A single institution's experience with solitary pancreas transplantation: a multivariate analysis of factors leading to improved outcome.

D. E. Sutherland, R. Gruessner, K. Gillingham, K. Moudry-Munns, D. Dunn, K. Brayman, P. Morel, J. S. Najarian

Research output: Contribution to journalArticlepeer-review

29 Scopus citations


The results of cadaveric donor pancreas transplantation at a single institution using the bladder drainage technique have been analyzed according to several factors that may impinge on outcome. Both multivariate and univariate statistical methods were used, with emphasis on solitary (pancreas after kidney and pancreas transplant alone) as opposed to simultaneous pancreas/kidney transplants. Of the 444 pancreas transplants performed at our institution from December 1966 through December 1991, we analyzed 249 bladder-drained cadaver donor pancreas transplants from November 1984 through August 1991. The factors that had a significant impact on outcome in the Cox multivariate analysis included retransplantation, age, preservation time, and degree of HLA mismatching. The results of solitary pancreas transplants improved with time as the factors that have an impact on graft survival rates were deliberately manipulated. During the 1988 to 1991 era, pancreas graft functional survival (insulin-independent) rates were not significantly different among the 3 recipient categories. Solitary pancreas transplant recipients less than 45 years old receiving primary grafts had a 1-year function rate of 61% in the pancreas transplant alone group (n = 32) and 74% in the pancreas after kidney group (n = 24). By placing emphasis on minimizing HLA mismatches, by giving adequate immunosuppression, and by detecting and treating rejection episodes early based on a decline in urine amylase, the results with solitary pancreas transplantation can be as good as those with simultaneous pancreas kidney transplantation. There are limitations to the interpretations that can be given to retrospective studies using inhomogeneous factors, as is the case in the analyses presented here. We cannot identify risk factors with certainty because the protocols changed over time, eg, immunosuppressive regimens, policies on HLA matching, and choice of duct-management techniques. Thus, in the analysis of all cases, not only was there a higher proportion by the bladder-drainage techniques in the later period, but the proportion of cases with good HLA matches was also higher: yet the earlier cases (more poorly matched, performed by the other techniques, and with worse results), were in the model. Retransplantation is also a problem for the analysis. The number performed was proportionately greater in the later period, and the possibility of retransplantation differed according to the patient's age. Over such a long time, we cannot evaluate our gain in experience statistically.(ABSTRACT TRUNCATED AT 400 WORDS)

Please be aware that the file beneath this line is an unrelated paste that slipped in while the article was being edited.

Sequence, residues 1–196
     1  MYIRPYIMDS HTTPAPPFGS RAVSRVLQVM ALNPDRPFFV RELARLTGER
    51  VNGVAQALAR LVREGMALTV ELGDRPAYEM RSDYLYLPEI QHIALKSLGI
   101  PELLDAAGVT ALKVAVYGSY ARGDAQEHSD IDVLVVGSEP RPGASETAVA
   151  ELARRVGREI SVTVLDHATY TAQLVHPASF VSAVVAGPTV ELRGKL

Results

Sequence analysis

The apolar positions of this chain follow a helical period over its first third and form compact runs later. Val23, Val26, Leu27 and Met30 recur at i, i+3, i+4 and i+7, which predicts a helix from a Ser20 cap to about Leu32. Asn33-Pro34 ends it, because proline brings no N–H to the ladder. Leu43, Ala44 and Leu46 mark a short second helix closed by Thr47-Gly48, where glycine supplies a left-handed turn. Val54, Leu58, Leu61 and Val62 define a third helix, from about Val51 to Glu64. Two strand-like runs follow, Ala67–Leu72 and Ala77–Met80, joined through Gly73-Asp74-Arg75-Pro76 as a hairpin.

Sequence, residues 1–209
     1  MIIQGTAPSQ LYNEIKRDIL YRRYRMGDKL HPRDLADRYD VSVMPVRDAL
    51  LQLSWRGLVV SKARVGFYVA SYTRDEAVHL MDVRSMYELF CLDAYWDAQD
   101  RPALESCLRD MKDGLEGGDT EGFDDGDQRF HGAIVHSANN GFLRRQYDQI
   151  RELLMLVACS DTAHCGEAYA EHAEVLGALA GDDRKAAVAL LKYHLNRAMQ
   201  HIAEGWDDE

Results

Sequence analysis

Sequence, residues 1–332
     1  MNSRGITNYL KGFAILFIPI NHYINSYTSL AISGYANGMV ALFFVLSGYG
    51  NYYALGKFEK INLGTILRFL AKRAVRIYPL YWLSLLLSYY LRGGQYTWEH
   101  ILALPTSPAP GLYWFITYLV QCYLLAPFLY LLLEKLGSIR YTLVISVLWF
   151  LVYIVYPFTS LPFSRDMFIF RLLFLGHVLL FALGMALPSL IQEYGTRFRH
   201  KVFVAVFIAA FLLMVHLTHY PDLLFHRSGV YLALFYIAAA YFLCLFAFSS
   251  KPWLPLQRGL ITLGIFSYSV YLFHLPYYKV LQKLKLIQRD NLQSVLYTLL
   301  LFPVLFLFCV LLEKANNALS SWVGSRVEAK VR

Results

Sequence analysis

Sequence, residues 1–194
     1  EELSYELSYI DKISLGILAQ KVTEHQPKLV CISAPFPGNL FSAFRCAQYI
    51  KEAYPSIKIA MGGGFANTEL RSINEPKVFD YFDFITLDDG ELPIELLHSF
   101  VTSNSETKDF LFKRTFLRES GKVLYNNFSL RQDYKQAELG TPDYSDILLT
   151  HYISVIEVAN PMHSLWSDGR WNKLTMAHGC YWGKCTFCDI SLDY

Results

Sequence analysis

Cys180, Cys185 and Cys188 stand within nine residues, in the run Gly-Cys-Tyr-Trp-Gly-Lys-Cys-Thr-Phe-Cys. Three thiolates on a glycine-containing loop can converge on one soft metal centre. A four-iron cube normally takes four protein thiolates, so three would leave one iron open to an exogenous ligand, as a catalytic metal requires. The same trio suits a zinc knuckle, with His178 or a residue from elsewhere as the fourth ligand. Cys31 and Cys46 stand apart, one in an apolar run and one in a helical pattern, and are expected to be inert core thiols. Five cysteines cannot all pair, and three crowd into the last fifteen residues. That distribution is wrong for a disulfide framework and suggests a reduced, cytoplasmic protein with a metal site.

Original languageEnglish (US)
Pages (from-to)141-152
Number of pages12
JournalClinical transplants
StatePublished - 1991
Externally publishedYes

ASJC Scopus subject areas

  • General Medicine


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